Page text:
Toy Makers Pledge to Create Outstanding Products

Put up your right hand and repeat after me: “I will make no bad toys. I will endeavor to create products with great value to the consumer and user. I will devote my efforts to developing toys and children's products that excite, delight, and entertain. So help me Santa!” 

Our goal, and my personal mission, is to create great products that inspire and entertain. We strive for products that deliver great value to the consumer for the hard-earned money spent.      

When I hear people complain about toys and the toy industry I wince. There are many great toys on the market now and many great new toys introduced each year. No other industry delivers so much innovation so quickly and at such value for the money spent as the toy industry.            

But we as an industry are sometimes guilty of foisting crap on the marketplace, as well. We all suffer when bad toys are TV promoted and flooding the toy store shelves. I am not talking about cheaply made Hong Kong junk toys, but rather toys made and promoted by US-born-and-bred toy companies.            

F-grade I was reading some toy reviews today and was shocked at what some consumers had to say. I was also shocked that a company we know and work with would deliver such drek to the toy store shelves.

An excerpt: “There are lots of little pieces you have to wash, and it can only make 2 (thing-a-ma-jigs) at a time. The (whateveryoucallits) looked and tasted DISGUSTING and we just threw them out. This is a huge waste of money.”  

And another: “Oh, my . . . this was the most disgusting toy we have ever experienced. The mix SMELLS horrible, it reminded us of urine, no joke. It was so bad, we could not possibly let our children consume the finished product. Not to mention, the whole process . . . is difficult for adults, forget about the kids being able to master it . . . we paid over $20 for the 'privilege' of making 6 smelly (whose-a-ma-whatzits). What a rip off, I would not recommend this product to anyone, please pass this one up! What a disappointment.”  

I still recall getting my very special Ideal rocket launcher for Christmas one year, and after playing with it a few times my heart sunk. This toy I had wanted for so long was such a disappointment. This was my big Christmas gift! It launched a spring-loaded rocket. That was it. I had been duped.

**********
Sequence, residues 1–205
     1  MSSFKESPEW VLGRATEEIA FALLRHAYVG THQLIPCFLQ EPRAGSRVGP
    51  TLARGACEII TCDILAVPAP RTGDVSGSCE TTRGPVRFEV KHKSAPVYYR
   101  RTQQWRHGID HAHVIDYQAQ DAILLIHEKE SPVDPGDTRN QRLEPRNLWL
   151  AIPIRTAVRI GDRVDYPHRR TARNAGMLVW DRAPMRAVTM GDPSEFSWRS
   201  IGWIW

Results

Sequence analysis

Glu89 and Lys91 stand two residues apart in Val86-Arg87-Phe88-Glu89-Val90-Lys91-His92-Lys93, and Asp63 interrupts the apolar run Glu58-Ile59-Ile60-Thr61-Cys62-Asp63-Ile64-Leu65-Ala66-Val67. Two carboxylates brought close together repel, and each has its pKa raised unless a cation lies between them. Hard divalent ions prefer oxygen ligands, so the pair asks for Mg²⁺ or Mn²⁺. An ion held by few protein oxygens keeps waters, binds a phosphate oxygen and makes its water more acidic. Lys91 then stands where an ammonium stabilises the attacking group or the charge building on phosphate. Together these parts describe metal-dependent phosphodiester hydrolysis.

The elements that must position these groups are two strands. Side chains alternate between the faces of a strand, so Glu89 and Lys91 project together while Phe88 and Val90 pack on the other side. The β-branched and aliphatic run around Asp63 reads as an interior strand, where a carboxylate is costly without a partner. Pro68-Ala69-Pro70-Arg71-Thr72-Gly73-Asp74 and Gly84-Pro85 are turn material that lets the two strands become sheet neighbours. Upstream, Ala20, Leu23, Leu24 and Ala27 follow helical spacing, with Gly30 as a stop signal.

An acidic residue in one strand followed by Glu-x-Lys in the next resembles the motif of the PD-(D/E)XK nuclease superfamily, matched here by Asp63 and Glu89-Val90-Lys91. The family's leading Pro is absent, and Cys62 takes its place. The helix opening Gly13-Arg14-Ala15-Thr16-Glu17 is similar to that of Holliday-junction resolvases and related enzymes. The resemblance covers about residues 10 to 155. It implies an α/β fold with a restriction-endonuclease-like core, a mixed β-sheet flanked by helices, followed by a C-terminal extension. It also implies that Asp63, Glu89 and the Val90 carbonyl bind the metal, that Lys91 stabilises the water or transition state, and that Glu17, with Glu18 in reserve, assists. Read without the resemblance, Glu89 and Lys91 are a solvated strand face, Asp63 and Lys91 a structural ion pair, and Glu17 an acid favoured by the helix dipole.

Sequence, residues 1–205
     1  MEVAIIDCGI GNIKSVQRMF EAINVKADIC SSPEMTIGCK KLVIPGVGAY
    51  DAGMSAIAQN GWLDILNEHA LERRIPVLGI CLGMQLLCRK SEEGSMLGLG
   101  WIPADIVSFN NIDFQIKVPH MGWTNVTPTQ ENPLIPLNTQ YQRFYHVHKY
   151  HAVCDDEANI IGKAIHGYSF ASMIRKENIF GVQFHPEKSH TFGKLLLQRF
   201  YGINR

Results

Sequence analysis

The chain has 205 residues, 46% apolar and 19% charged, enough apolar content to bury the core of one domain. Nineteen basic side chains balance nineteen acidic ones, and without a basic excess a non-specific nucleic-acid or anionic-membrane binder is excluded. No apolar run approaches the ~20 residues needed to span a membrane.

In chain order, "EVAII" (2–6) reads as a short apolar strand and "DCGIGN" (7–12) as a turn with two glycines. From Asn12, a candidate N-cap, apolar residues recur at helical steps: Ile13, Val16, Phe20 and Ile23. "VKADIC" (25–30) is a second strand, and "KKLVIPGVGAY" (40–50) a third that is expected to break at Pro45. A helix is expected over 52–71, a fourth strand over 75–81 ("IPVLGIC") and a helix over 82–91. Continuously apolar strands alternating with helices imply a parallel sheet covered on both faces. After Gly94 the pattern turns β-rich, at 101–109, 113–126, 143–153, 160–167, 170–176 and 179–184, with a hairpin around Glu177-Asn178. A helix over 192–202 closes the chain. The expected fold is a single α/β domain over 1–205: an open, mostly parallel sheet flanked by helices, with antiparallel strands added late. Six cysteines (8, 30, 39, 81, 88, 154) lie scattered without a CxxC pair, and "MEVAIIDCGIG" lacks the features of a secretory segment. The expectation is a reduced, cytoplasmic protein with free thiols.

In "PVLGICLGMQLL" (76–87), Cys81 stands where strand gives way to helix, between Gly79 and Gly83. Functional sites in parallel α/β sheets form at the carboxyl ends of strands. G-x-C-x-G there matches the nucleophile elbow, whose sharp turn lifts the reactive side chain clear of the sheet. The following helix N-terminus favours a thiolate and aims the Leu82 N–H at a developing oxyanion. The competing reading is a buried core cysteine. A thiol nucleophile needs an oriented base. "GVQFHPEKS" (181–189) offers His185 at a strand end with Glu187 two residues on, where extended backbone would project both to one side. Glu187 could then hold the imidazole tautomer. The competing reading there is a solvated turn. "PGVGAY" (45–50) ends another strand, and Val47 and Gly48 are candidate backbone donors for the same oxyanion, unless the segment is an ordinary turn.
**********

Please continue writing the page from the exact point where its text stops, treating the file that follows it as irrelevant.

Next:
You, me, all of us suffer when such products fill the store shelves, are promoted on TV, and ruin a child’s special day. It makes people think all toys are junk. And we know that is not true. Our industry creates great products, and too few people know that.   

The toy industry can do better than this. We should take a pledge to do better than this. Every toy company, every ad agency, every inventor and toy designer should make a pledge, just like physicians' Hippocratic oath “to do no harm.” 

3 thoughts

  1. Bruce, I don’t remember ever meeting inventors who didn’t live by this pledge. Of course, I try to see the best in people. But if you consider it from product development’s side, there are so many hurdles. It is an amazing task to champion a product from the fantastic idea you’ve licensed from the inventor to the item on the store shelf. Everybody wants to change it, starting with upper management and sales. When cost and safety start to weigh in… and manufacturing constraints…
    I really think that most the time that’s where these products get messed up.
    ps. your presentation of ‘Meat’ to my vegetarian colleague M. Laing remains one of my fondest Toy Fair memories

  2. Amen Bruce!!!
    I plan to write about this very issue myself. We are in the business of delivering play value. With all the emphasis on the sizzle represented by a hook or feature designed to create “desire,” and not nearly enough emphasis on delivering play value, consumers toss many toys aside as soon as the novelty wears off. No wonder parents think toys are not worth the money. People scratch their heads and ask why Lego gets away with “charging so much” for their products. I have a two word answer: PLAY VALUE!
    I will take your oath, so help me Santa!
    See you in Dallas!
    Nancy Zwiers

  3. I respectfully disagree, I think you should replace the word entertain with engage. The children of this next generation need to learn how to be creative to solve the problems of the future. You could also add to that pledge we will make products that are educational and made in a sustainable way.

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